ISLAMABAD    -   Pakistan is faced with a crisis of governance at all levels, lack of national consensus on critical issues, and non-adherence to national objectives in policy for­mulation and implementation, according to senior academics and seasoned practitioners.

The experts were speaking at the annual meeting of the Na­tional Academic Council (NAC) of Institute of Policy Stud­ies (IPS), Islamabad. The year­ly gathering is aimed at deliv­ering intellectual input from a cross-section of veteran schol­ars and practitioners to IPS’ re­search activities.

Presided over by IPS’ Chair­man Khalid Rahman, the meet­ing was addressed by Dr Syed Junaid Zaidi, former rector COMSATS; Ambassador (Retd) Shamshad A Khan, former sec­retary, Ministry of Foreign Af­fairs; Syed Abu Ahmad Akif, for­mer federal cabinet secretary; Dr Syed Tahir Hijazi, former vice-chancellor, Muslim Youth University; Dr Waqar Masood Khan, former federal secretary, finance; Dr Anwar-ul-Hasan Gi­lani, former vice chancellor, Uni­versity of Haripur; Mirza Hamid Hasan, former federal secretary, water and power; Ambassador (Retd) Syed Abrar Hussain, vice chairman IPS; Dr Abdul Rauf Rafiqui, director, Abdul Samad Khan Achakzai Shaheed Chair, University of Balochistan; Dr Adnan Sarwar Khan, former dean of social sciences, Univer­sity of Peshawar; Dr Naveed Butt, senior physician at Federal Government Services Hospital; and Dr Noreen Sahar, associate professor and chairperson, De­partment of Anthropology, IIUI.

The speakers highlighted mat­ters of national significance that have negatively influenced the development potential of Pa­kistan and the ins and outs of which need to be unpacked at the intellectual and policy lev­el. The fundamental of these is­sues, as endorsed by almost all the speakers, was the severe deficiency of good governance. The government not only lacks the capability to channel oppor­tunities and manage menaces like floods or politico-economic crises, but also lacks the essence of democracy in its institutional decisions and policy thoughts.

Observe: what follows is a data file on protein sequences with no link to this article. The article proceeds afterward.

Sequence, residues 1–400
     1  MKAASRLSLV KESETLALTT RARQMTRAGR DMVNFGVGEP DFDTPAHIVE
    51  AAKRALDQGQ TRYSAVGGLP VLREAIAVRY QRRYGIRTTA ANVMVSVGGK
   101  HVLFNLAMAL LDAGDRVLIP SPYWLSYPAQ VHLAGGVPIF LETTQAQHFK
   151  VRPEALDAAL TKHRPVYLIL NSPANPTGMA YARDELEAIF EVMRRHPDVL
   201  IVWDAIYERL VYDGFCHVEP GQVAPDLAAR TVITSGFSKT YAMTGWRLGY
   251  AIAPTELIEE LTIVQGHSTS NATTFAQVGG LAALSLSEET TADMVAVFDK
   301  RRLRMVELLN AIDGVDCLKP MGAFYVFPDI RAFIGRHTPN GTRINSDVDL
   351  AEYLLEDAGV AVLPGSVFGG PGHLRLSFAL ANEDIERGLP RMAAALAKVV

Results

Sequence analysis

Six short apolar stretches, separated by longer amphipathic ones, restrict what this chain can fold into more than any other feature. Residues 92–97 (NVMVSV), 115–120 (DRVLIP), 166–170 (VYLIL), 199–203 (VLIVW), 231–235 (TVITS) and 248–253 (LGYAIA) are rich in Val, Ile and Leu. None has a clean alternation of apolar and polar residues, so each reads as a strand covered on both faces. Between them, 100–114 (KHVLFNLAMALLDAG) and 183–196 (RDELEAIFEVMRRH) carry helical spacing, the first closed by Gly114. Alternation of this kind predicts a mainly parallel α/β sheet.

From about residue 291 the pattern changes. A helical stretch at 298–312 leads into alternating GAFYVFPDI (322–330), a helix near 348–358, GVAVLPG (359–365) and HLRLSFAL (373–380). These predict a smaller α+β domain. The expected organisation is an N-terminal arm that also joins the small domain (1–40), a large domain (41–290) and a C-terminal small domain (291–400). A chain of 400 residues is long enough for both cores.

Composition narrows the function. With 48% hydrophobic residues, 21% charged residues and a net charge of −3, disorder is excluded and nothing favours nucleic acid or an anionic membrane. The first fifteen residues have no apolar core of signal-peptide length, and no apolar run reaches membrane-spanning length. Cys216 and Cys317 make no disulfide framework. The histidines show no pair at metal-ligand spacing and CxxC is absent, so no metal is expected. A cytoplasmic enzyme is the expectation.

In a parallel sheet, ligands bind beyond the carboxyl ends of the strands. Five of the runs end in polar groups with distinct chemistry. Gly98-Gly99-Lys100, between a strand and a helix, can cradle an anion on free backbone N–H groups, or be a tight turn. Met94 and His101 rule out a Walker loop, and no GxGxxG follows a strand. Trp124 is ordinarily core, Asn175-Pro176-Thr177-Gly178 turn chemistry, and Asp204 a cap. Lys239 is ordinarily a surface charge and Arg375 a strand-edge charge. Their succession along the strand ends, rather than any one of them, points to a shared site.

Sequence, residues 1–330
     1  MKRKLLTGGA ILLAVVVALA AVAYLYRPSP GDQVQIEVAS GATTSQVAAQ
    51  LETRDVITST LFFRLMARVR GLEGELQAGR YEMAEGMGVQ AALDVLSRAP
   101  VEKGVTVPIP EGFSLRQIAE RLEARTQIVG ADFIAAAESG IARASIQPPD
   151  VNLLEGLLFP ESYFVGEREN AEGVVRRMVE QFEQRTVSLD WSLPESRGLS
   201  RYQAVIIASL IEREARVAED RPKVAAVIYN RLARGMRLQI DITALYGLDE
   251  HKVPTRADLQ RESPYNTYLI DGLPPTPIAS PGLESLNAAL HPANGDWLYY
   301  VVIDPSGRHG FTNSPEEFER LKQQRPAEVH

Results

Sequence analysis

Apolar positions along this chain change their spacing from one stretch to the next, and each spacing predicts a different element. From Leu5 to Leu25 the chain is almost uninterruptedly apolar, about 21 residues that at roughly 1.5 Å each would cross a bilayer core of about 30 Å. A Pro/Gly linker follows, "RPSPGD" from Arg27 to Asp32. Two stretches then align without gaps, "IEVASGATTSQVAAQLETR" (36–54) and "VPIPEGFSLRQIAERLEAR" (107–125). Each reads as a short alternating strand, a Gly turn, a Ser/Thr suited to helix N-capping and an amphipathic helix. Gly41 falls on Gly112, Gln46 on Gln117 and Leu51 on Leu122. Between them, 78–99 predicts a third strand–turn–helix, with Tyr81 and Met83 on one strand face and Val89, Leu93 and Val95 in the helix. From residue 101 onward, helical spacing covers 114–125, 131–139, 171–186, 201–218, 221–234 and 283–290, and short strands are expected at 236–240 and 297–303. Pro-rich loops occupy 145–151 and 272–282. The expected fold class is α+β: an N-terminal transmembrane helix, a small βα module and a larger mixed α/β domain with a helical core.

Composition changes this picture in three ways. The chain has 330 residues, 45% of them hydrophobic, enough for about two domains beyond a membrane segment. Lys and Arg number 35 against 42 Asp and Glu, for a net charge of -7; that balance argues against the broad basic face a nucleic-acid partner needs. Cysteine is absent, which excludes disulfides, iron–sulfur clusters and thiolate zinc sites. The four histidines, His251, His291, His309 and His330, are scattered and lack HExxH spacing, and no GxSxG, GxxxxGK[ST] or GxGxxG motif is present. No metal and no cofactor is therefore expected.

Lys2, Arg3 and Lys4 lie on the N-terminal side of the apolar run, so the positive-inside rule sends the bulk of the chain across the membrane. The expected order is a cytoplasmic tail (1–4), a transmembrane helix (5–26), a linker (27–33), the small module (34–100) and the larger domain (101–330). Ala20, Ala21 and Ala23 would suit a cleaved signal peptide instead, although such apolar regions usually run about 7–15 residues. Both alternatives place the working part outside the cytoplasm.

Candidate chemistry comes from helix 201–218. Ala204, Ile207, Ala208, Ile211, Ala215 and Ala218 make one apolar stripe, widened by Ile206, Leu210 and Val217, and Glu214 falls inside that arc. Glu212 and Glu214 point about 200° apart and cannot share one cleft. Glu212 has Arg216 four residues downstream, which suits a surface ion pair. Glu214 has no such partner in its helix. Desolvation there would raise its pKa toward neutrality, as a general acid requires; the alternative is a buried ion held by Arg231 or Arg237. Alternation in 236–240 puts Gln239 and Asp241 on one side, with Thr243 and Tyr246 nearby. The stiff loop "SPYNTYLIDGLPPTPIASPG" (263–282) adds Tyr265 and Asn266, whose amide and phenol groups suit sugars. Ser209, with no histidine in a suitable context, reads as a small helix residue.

As pointed out by Sham­shad Khan, foreign dependen­cy and wrong decisions are also a cause of bad governance, en­dangering the sovereignty of the nation in the long run. In ad­dition to these, there is another important factor that is devour­ing the development perspec­tive of Pakistan ie the corrupt people present at the top-tier level of governance.

Khalid Rahman observed that there is a lot of confusion in the society and the nation regard­ing policy. He pointed out that national efforts towards devel­opment and policy discourse are not in the same direction because of many factors. One such factor is resourceful lob­bying that challenges the whole framework of policy and policy­making. In addition to this, for­eign sponsorships also play a considerable role in buying na­tional talent to fulfil ulterior agendas, which should be con­fronted by Pakistan through win-win collaborations.

Non-adherence to national ob­jectives in policy formulation and implementation has resulted in the overlapping of the crisis in Pakistan, which is, at the same time, marred by corruption and nepotism, as indicated by Syed Akif. Noreen Sahar added social networking and nepotism to the main causes that have resulted in blocking national progress. She emphasised the presence of peo­ple selected on the basis of skill and merit in top-tier governance positions. The participants indi­cated the need to work on emerg­ing challenges and developments like climate change, social issues, educational reforms, and techno­logical innovations.

Although the issue of climate change has manifested itself in recent times in the form of dis­asters like floods, there is still a lack of national consensus and awareness about it, noted the speakers. Along with that the country also needs educa­tional reforms and a balanced approach that integrates all lines of education, stated Rauf Rafiqui. Hamid Hassan added that the national politico-eco­nomic crisis and international factors also contribute to chal­lenges. However, this also pre­sents opportunities, which need to be capitalised on with time­ly and right decisions. While ap­preciating IPS’ efforts to pro­mote research on governance, Tahir Hijazi suggested for the institute to interact with the Planning Commission, rele­vant organisations, and univer­sity circles to find solutions to these issues. Adnan Sarwar also pointed out the importance of connecting research work and findings with policymakers to bring about true implementa­tion of national objectives.